(Baghdad/Erbil, 30 November 2015): Kyung-wha Kang, the United Nations Assistant Secretary-General for Humanitarian Affairs visited Baghdad and Erbil to discuss the humanitarian crisis. “The human cost of the crisis is devastating. We are extremely worried that all indicators point to a dramatically worsening situation in the months ahead,” Ms. Kang said.
“I spoke with women who had lost virtually everything. If we are to succeed in responding to their most basic needs, we need increased capacity, as well as improved access and security. Insecurity puts the whole aid operation in Iraq at risk,” said Ms. Kang.
“The economic crisis impacting the Kurdistan region and the country is terribly worrying. This is the time for the international community to step forward and provide urgent funding for lifesaving assistance. If this doesn’t happen, the impact will be terribly damaging,” Ms. Kang stressed.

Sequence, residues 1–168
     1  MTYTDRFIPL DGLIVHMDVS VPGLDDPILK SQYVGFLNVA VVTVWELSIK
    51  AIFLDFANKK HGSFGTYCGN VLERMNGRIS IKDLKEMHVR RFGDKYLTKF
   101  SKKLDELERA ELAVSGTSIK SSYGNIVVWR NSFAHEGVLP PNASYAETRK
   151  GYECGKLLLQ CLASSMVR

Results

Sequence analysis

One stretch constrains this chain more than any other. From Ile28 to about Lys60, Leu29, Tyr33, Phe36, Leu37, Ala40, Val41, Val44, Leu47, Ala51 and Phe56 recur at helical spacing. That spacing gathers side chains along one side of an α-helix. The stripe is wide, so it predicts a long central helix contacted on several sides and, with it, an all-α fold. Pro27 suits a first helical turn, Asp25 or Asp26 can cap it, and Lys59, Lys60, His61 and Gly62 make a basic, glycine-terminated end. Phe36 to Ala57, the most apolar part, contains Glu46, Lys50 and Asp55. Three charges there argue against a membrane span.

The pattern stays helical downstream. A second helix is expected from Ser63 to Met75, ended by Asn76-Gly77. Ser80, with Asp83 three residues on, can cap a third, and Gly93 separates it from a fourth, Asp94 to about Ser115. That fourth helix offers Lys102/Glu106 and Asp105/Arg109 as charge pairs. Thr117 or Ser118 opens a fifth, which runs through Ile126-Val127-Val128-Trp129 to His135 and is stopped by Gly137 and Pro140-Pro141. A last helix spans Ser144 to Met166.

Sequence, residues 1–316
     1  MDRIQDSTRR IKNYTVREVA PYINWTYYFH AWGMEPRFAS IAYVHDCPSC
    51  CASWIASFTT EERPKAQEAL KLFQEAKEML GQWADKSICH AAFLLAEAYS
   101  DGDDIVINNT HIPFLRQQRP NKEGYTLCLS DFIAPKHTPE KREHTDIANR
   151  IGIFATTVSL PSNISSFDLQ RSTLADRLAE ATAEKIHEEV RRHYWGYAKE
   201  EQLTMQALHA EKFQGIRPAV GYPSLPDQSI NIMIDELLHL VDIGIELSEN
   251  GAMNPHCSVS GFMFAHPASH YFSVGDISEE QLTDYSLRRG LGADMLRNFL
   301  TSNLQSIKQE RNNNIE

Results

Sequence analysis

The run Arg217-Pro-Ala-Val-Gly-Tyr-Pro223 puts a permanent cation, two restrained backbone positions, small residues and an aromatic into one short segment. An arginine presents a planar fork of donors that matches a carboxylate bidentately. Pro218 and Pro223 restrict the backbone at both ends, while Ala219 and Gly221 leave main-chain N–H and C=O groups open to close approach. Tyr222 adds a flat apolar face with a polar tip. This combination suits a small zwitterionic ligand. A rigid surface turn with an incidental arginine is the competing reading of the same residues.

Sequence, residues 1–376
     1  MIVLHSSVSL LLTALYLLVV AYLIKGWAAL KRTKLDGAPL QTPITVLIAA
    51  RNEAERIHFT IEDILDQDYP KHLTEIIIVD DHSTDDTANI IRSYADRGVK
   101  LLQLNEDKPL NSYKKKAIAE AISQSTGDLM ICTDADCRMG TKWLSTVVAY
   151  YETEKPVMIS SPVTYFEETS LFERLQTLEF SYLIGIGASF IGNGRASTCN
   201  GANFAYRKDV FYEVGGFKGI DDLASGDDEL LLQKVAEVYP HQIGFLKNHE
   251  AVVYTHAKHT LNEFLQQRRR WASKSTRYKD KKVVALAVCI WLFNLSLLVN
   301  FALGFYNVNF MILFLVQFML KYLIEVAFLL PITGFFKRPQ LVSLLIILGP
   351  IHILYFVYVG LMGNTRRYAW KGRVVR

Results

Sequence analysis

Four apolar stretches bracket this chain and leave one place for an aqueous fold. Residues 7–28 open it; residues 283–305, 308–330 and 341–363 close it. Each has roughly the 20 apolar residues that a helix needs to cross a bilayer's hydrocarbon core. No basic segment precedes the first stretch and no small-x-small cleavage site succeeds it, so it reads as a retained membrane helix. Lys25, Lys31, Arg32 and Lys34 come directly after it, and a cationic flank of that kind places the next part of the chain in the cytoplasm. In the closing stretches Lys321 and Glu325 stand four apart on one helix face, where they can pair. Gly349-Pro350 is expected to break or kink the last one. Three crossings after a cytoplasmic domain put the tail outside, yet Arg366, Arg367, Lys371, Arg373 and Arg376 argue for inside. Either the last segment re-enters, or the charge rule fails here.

“Funding is needed to keep programmes open and to help rebuild areas retaken from ISIL so that people can return voluntarily and safely to their homes,” Ms. Kang said at the end of her two-day mission.
“Iraq is one of the world’s most serious crises, in one of the world’s most volatile regions. There’s no question - the international community has to do more,” Ms. Kang said after meeting with senior officials in Baghdad and Erbil, and with frontline partners.
The United Nations estimates that 10 million people in Iraq are now in need of some form of humanitarian assistance. Close to 3.2 million people have been internally displaced since January 2014. Humanitarian response efforts in Iraq are critically underfunded. Of the highly prioritized plan of US$498 million that was launched in June to respond to the most acute needs in the second half of 2015, less than 50 percent has been received, forcing humanitarian partners to close scores of lifesaving programmes.
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